Don’t cut public aid that helps maintain health
Work demands for those using public assistance programs such as the Supplemental Nutritional Assistance Program (SNAP) and Temporary Assistance for Needy Families (TANF) can negatively affect the health outcomes of beneficiaries and limit their performance. ability to find stable employment, says a resolution presented at WADA’s special meeting in June 2021.
“Food insecurity is associated with a higher risk of chronic diseases, including diabetes, obesity, depression and hypertension. We need to ensure that all families have access to nutritional food options rather than erecting bureaucratic barriers to these programs, ”said AMA administrator Thomas J. Madejski, MD.
Barriers have the potential to particularly restrict coverage for anyone with chronic illnesses, including mental illness and substance use disorders. This is particularly critical in light of the job losses linked to the pandemic by the millions. Many recipients only enroll in public assistance programs after losing their jobs, and more than 80% say they found a new job within a year of starting SNAP benefits, the resolution says.
With these facts in mind, the WADA House of Delegates adopted a new policy to:
- Support the elimination of work requirements used as eligibility criteria in public assistance programs, including SNAP and TANF.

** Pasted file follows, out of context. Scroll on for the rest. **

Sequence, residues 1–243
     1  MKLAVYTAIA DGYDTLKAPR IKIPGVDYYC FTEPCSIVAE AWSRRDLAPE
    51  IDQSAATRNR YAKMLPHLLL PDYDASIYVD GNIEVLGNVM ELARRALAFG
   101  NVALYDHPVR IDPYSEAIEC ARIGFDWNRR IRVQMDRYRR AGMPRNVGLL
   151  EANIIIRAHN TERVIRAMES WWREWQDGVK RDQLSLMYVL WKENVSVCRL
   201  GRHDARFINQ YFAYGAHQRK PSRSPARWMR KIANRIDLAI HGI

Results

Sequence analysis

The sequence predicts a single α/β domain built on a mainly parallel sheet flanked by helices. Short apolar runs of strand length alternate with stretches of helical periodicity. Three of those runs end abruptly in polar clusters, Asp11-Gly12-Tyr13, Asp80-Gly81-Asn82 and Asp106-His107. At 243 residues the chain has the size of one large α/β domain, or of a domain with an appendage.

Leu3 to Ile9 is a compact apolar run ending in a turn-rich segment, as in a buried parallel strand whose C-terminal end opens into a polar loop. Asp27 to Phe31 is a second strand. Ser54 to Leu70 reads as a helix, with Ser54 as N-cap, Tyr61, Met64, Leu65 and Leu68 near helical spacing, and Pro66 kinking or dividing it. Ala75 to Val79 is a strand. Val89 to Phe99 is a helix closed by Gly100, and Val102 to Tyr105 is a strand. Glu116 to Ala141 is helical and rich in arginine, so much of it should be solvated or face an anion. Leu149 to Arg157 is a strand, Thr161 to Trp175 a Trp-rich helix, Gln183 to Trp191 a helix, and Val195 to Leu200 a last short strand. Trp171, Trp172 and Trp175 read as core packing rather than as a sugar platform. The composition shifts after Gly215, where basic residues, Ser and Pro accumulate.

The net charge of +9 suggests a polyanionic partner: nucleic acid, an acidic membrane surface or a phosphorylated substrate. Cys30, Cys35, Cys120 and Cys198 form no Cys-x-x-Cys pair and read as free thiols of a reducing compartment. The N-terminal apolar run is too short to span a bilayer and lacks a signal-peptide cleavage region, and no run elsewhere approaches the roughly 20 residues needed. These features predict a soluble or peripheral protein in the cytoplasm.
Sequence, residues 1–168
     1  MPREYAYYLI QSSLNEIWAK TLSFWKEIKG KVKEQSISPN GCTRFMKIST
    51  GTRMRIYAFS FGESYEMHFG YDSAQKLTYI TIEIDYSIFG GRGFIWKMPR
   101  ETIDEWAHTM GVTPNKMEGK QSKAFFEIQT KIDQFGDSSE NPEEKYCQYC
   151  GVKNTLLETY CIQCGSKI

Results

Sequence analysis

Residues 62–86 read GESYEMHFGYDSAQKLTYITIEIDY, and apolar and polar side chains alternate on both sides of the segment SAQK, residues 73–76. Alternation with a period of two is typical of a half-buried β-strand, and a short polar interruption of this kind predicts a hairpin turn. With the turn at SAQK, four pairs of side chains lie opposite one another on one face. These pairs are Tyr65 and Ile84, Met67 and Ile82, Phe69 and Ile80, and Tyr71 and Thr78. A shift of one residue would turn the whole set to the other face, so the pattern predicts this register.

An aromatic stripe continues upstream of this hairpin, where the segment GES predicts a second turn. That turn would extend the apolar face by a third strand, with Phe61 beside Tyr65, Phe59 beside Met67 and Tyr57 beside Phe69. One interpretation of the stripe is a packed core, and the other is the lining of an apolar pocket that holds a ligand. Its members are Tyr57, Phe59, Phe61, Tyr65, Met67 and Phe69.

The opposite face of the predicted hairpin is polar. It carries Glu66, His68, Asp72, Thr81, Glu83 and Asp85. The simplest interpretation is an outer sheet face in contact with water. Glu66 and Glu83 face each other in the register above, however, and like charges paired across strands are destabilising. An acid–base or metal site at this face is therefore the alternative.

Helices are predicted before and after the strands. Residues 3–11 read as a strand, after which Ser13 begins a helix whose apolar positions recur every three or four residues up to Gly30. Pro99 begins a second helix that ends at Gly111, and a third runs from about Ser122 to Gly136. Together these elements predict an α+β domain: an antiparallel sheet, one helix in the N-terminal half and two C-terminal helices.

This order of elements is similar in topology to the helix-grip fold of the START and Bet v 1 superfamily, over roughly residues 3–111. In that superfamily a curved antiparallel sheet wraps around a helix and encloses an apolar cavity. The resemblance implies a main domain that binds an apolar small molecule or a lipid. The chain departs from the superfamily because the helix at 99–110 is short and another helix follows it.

- Work with state medical corporations to encourage states to establish expressway eligibility programs that use eligibility data from the maximum number of possible expressway agencies, including SNAP, TANF, and other programs outlined by the Centers for Medicare & Medicaid Services, to facilitate enrollment in Medicaid and the Children’s Medicare program.
Say no to the lifetime ban on food stamps
Under federal law, anyone convicted of a drug-related crime is not eligible for Supplemental Nutrition Assistance Program (SNAP) benefits. Yet being eligible for SNAP and Temporary Assistance to Needy Families (TANF) upon release from prison reduced a person’s risk of returning to prison within a year by up to 10%, according to the report. a study cited in a separate resolution presented at WADA’s special meeting.
In 2019, three states and territories had a lifetime ban, 24 states changed the SNAP ban to exclude only those convicted of a drug-related crime, and 25 states repealed the ban completely. Being able to access SNAP benefits has been linked to improved health and more preventative check-ups, the resolution says.
To overcome the barriers that federal law creates to these benefits, delegates adopted a policy to “oppose any lifetime bans on SNAP benefits imposed on those convicted of drug crimes.”
Check out other highlights from WADA’s June 2021 special meeting.